Wednesday, July 23, 2008


It's late and I can't believe I'm typing this out instead of sleeping.

But.... I needed to say this, to get it out of my system today.

In recent years, some of my close friends have fallen upon hard times. I see the direction their lives take and just ache for them.

I cannot believe these people, these essentially good people, would do these things, would indulge in these patently self destructive acts.

But they do. And I have to stand by and watch them with tears in my heart.

I've known them since our schooldays together, kids in uniform bonding over Macdonald's fries, comics, games and first crushes. And I want to hold on to those memories and their fresh happy faces because what I see today breaks my heart.

You can't save people from themselves.

I don't like to interfere but I need to say something soon because if I don't, then I'm just not a friend.

Good night all.

Friday, July 11, 2008


I know I've been particularly whiny recently and I also realise I seem to complain about being back in Singapore alot. But I think it mainly does come down to the process of moving to a new place, finding people to hang out with again and just generally feeling disoriented.

My first six months in Australia were terrible. I was lonely and cold had never experienced winter before. All my close friends seemed so far away and I longed for friendly faces and loving hugs and for the sun. I didn't know where to buy stuff, where to find the things I wanted to eat; the city seemed so foreign, so cold.

It's the same experience all over again. Really, it is.

Except that now I think about the ski trip I could have taken, cake and hot chocolate with friends in warm cafes and lazy weekend morning brunches. I see on facebook the dinner parties and gatherings I missed out on and ache.

Singapore changes so much and so quickly that it seems like a foreign city despite having grown up here. My home is the same, but the city morphs into a different creature every six months. I miss my friends, my friday night group, Boy and my girl groups from school, work and church. I kept asking myself, all through the last two weeks, if it was worth it to give all that up to move back.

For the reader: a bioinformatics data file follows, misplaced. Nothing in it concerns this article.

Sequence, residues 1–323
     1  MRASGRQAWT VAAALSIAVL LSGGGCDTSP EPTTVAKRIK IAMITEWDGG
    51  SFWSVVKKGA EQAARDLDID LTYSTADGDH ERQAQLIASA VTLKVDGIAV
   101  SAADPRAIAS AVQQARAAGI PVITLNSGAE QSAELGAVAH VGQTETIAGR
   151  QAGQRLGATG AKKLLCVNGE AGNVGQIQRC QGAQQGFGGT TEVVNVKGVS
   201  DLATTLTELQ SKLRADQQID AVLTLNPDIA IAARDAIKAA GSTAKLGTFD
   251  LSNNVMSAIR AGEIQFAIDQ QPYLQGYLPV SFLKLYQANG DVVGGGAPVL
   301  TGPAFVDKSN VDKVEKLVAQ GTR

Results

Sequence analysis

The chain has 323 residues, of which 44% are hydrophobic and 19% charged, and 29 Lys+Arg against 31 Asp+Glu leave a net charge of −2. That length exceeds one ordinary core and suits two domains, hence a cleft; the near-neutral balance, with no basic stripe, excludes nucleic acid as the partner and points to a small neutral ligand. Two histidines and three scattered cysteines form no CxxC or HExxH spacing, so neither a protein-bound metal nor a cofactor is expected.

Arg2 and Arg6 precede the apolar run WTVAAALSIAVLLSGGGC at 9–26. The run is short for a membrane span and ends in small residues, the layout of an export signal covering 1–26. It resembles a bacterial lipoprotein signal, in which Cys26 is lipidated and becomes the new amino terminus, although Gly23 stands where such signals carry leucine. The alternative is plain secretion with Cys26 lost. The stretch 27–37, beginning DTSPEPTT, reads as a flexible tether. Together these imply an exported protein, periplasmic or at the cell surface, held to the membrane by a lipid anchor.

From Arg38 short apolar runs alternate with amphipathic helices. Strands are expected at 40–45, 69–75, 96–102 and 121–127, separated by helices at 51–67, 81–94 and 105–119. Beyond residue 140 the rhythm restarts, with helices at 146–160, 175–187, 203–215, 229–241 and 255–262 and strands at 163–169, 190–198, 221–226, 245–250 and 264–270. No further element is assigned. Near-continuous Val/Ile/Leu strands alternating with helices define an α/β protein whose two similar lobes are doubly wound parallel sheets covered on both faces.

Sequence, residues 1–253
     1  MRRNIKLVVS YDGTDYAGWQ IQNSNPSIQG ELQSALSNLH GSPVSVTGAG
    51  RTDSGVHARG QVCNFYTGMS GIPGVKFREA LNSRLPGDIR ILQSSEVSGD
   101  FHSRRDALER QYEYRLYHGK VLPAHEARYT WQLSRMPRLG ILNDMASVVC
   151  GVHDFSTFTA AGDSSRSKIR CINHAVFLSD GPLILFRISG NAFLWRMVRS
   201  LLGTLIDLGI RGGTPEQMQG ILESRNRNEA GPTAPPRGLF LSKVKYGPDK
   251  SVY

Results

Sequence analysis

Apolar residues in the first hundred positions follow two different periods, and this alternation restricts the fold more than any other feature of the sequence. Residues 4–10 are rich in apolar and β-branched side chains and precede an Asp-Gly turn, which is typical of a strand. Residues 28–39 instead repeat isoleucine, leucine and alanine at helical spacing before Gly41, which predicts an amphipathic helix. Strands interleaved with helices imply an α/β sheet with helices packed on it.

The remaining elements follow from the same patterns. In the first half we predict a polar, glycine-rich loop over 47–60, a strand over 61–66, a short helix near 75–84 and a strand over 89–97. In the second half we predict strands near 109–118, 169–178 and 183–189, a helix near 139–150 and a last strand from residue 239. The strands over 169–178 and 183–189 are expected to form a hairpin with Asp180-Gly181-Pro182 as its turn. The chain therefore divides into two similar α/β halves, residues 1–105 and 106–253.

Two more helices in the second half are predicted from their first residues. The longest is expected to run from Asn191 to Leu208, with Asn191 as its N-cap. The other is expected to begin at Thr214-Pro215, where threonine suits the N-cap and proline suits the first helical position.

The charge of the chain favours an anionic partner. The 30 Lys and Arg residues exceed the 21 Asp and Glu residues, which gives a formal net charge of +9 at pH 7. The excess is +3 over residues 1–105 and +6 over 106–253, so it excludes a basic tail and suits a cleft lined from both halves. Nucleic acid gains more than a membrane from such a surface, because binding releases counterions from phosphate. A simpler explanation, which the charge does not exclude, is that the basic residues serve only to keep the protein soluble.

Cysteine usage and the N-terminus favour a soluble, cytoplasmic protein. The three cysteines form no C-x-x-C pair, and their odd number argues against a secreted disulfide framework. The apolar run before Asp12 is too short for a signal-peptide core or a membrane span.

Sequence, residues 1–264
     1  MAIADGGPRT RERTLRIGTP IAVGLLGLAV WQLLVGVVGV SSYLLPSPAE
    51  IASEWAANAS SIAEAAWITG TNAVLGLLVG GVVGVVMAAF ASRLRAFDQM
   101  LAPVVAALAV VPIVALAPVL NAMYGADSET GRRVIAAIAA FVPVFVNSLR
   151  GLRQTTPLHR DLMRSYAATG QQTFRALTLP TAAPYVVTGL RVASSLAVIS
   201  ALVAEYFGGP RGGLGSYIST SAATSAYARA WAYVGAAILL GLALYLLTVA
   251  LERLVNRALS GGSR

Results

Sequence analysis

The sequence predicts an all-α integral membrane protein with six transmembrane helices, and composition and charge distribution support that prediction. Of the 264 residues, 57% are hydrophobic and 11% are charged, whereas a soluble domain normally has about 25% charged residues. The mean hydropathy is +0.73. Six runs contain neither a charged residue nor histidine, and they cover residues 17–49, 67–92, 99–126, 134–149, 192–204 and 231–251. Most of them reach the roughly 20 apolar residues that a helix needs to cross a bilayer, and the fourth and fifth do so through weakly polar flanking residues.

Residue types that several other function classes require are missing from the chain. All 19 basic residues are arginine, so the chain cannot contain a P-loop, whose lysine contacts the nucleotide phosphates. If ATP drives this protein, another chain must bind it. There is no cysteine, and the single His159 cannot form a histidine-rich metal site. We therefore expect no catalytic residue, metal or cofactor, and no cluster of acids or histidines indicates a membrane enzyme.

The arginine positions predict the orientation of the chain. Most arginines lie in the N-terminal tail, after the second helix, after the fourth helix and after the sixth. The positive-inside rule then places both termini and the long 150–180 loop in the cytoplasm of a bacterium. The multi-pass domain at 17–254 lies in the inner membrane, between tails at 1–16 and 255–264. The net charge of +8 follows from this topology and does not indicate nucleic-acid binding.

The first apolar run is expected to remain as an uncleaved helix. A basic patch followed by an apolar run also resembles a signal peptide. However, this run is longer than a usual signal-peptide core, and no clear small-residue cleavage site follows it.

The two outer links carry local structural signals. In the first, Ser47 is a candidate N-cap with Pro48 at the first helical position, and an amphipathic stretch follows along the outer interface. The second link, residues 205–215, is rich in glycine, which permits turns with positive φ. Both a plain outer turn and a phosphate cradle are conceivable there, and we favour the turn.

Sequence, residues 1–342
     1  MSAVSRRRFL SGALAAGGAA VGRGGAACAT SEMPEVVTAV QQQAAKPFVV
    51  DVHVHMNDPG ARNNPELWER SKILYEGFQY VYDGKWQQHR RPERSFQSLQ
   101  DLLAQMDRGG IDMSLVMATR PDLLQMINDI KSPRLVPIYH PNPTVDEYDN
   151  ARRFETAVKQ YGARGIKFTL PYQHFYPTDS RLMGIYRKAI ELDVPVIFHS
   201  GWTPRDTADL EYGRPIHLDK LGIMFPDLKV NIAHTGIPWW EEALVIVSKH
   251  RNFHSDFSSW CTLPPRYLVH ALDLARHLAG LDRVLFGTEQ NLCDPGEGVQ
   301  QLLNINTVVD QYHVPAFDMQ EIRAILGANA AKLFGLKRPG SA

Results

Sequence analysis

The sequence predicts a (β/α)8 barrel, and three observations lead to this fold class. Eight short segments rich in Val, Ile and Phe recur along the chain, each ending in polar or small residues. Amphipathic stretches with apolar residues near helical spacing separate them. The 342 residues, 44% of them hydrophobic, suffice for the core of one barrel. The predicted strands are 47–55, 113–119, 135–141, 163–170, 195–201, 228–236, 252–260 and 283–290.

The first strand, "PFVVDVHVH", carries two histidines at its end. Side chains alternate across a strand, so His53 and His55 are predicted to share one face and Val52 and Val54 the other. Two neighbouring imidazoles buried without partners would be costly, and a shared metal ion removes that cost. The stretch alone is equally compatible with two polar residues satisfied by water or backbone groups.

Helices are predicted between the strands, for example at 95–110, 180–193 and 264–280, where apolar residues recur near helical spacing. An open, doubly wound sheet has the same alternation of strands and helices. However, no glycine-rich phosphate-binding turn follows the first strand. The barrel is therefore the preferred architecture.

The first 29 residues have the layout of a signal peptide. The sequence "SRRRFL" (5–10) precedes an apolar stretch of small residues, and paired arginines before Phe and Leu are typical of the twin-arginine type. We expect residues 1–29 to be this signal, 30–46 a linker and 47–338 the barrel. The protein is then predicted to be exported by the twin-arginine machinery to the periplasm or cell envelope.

There isn't a good answer to the question. There is only a story, rather a patchwork assortment of stories.

The story of how my mum, my sister and I met for lunch at a cafe to celebrate her birthday last week. The story of old friends meeting after 2, 5 or 10 years over coffee or drinks. The story of new shoes and the finding of a lovely new restaurant come back to.

Finally, the story of family and the cousin who drove me to the air freight centre to pick up my boxes and patiently and uncomplainingly helped me through the frustrating process of extracting them out of the warehouse and into my home.

Monday, July 7, 2008

Wandering minds

There is a greater reliance on my ipod now. Everyday, I drown out the crowd, the rumble of the train, the dull roar as we fly through dark tunnels toward work and offices and ever greater crowds.

So I sink beneath a pool of music, willing my mind elsewhere, anywhere but the carriage of silent, weary and sometimes outright grouchy people.

It's something you forget. You move to a different country, one with more space and fewer people and you forget how to cope with crowds, how to raise barriers, how to slip with ease through a throng. It's hard to imagine that I've been away long enough to forget.

I'm not so sure I really changed that much. There's always been that hankering after wide open spaces and moving away just answered that need. I greeted Melbourne's parks,cafes and the Victorian countryside like they were old friends and always reacted badly to the suggestion that Australian cities were 'quiet' and that there was 'nothing to do' in them.

I wish I could wrap it round me like a blanket and take it back to Singapore with me but I can't. You can't bring a whole country with you and so I'm determined to try and bring the attitude I brought with me to Melbourne back to Singapore instead.

Don't look back. Every country has something different to offer and Singapore is itself full of urban curiosities waiting to be explored. Don't try for a pale replica of things you cannot fully experience in another country, instead, look for what is unique about the place and embrace it. I'm going to eat nyonya food, wander the heartlands, smile at random aunties and uncles and go swimming outdoors.

But I'll plan my next vacation around countrysides and star gazing, just so I can let that part of me fly.